Libri

I read books.

The History of Love (Nichole Krauss)

on October 16, 2009

The History of Love is not history. It is a book about a book written by one man, and subsequently published by another, who believes that the original author has died in the Nazi camps. Ironically, the true author lives his life in insignificance, and struggles daily to make himself noticed. His worst fear is to die on a day that no one saw him.

The underlying love story of the novel is a tragedy: Leo is separated from the love of his life and sent to the camps, while his beloved Alma escapes the Jews’ fate because her father can afford to send her to America. She does not know that Leo still lives, and makes her choices accordingly. When Leo manages to follow her to America, things don’t work out as he had dreamed.  Meanwhile, a young Alma is named after the original by her parents, who love Leo’s book. When her mother begins translating The History of Love, young Alma discovers the secret of her name and the true author of the book. An additional sad/funny thread involves Alma’s little brother, who thinks he is a lamed vodnik. I don’t have a Yiddish dictionary, but I infer from the story that this means a messiah figure, which involves some special spiritual gifts. He is a quirky child, who, not surprisingly, does not fit in well with his peers.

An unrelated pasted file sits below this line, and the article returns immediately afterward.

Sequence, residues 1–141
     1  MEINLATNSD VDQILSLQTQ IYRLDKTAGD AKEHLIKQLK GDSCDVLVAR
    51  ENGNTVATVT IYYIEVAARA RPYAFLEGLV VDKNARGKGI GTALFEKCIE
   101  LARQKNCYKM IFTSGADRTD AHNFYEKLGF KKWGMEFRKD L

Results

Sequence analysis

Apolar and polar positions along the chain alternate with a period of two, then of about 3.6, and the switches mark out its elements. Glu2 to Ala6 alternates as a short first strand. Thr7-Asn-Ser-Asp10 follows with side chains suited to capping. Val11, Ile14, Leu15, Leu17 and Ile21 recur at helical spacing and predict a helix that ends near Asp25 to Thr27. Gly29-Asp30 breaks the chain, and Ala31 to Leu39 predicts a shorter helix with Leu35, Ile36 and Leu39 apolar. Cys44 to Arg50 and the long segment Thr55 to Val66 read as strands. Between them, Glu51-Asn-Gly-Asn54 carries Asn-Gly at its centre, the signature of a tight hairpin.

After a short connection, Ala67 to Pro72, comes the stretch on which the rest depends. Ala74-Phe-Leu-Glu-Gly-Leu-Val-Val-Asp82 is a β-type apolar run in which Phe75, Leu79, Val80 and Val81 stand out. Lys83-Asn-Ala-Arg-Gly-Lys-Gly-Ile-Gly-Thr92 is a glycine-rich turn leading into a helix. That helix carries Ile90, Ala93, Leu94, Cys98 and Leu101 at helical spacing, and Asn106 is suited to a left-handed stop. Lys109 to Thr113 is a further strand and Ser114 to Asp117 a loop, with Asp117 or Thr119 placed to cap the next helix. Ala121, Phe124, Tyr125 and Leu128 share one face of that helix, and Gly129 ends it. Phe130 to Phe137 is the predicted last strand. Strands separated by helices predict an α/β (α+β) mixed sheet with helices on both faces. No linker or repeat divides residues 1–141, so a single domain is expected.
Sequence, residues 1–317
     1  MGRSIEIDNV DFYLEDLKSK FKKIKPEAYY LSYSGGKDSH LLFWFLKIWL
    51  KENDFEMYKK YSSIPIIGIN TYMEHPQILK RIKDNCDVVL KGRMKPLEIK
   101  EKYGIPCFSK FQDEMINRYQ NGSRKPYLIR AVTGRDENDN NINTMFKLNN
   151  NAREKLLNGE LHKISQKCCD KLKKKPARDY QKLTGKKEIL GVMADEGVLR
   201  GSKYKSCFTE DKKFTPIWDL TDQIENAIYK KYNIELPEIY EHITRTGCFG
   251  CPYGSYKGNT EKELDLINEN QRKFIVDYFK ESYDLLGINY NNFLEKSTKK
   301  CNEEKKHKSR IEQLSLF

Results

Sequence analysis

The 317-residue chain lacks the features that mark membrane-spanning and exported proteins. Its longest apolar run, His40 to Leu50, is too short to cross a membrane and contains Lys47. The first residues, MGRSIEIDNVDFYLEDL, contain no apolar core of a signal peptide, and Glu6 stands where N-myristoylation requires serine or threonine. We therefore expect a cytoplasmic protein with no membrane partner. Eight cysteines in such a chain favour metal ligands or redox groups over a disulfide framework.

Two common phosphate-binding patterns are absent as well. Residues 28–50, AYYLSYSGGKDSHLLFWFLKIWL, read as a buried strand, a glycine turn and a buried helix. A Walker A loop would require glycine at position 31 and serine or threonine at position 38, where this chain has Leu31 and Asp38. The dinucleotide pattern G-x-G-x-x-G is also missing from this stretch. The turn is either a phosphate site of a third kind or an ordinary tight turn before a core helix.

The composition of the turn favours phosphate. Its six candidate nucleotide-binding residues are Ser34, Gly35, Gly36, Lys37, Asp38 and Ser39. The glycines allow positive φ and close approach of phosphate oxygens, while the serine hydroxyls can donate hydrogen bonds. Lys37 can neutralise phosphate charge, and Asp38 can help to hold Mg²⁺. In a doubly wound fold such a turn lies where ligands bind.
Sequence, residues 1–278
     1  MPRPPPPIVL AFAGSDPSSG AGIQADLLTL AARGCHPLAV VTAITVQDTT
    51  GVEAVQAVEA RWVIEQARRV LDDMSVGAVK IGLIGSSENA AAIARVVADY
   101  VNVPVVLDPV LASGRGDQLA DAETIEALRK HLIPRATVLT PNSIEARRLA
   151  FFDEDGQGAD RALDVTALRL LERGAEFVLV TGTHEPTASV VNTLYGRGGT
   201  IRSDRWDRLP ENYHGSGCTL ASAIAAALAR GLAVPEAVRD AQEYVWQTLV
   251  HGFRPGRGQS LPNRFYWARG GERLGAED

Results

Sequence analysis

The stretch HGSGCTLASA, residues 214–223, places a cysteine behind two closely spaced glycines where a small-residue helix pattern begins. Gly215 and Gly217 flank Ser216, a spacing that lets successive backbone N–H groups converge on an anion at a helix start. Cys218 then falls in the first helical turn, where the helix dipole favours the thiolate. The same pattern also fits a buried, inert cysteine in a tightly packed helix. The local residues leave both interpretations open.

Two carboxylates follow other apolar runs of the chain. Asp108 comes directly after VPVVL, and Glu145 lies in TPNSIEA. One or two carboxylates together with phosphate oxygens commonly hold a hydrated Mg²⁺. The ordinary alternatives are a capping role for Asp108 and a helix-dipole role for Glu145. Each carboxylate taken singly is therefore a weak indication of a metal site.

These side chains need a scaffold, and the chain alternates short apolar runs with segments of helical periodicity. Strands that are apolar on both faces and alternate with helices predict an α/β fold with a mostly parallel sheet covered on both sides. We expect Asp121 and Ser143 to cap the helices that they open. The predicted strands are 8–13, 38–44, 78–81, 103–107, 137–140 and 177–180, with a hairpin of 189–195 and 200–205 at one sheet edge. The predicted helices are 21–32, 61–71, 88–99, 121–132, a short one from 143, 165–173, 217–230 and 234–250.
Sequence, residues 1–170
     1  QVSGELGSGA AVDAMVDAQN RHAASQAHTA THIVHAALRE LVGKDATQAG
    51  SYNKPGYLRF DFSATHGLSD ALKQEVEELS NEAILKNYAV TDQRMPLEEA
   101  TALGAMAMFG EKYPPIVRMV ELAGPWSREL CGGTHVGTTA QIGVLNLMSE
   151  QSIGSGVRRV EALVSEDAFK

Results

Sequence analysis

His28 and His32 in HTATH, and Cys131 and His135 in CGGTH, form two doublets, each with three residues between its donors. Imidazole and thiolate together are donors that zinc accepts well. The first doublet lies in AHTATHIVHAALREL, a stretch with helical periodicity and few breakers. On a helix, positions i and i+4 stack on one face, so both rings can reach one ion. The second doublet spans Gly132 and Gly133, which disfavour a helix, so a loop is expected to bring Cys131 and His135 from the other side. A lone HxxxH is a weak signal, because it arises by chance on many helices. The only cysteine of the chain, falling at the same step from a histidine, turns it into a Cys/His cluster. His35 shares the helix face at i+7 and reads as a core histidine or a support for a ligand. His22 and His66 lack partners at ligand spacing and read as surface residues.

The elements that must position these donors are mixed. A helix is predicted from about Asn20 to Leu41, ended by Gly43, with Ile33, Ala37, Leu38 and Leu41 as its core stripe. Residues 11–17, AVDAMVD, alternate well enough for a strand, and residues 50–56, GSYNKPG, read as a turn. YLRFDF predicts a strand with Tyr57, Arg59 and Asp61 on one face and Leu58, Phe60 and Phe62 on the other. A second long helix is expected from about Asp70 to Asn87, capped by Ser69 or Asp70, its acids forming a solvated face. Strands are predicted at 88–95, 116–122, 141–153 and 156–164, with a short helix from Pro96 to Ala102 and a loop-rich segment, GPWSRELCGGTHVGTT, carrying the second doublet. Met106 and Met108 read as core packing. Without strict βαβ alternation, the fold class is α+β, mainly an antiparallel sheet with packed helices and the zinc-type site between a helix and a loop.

I really like the ending of this book, but I found it confusing as I read it, and had to start over once, after I had read about a third. It was poignant in places, and overall I am glad I read it. But I did not love it as much as Amy did. Sorry, Amy.

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One response to “The History of Love (Nichole Krauss)

  1. aldís baldvinsdóttir says:

    Am reading it, slowly but surely, saving it, as chocolate.

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